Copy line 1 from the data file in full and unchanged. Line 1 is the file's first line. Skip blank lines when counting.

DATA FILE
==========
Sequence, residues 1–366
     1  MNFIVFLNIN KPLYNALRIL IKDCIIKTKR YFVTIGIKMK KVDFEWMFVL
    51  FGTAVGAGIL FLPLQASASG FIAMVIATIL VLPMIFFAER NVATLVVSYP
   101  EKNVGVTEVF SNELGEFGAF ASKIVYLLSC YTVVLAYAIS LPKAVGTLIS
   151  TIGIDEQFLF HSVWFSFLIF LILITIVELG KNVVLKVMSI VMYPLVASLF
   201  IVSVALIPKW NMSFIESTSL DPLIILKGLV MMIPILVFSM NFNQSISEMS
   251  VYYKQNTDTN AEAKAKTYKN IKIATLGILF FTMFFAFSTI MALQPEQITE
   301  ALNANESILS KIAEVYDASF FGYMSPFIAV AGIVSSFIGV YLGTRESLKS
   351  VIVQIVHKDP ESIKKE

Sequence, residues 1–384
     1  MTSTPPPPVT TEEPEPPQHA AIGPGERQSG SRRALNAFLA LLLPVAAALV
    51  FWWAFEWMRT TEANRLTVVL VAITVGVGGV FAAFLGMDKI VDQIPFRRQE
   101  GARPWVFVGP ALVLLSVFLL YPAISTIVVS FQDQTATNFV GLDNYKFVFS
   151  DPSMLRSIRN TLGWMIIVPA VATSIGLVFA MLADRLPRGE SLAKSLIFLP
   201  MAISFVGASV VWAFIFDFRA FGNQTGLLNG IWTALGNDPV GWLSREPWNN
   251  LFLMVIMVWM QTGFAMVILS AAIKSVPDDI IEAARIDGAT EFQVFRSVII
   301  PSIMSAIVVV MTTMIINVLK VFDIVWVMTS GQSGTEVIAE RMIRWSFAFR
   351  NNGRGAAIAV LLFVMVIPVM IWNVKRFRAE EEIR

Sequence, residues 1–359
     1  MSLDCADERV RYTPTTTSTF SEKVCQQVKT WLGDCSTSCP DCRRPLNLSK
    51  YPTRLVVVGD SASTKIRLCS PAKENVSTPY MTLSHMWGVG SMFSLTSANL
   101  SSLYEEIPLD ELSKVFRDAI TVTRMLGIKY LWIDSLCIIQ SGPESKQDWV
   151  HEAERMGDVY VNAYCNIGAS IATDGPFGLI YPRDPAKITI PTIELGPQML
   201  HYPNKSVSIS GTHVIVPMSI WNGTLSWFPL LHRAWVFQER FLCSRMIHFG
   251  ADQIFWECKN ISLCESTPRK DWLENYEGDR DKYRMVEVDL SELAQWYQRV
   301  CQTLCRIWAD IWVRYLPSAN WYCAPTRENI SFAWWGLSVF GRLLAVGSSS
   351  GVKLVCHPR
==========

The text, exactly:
Sequence, residues 1–366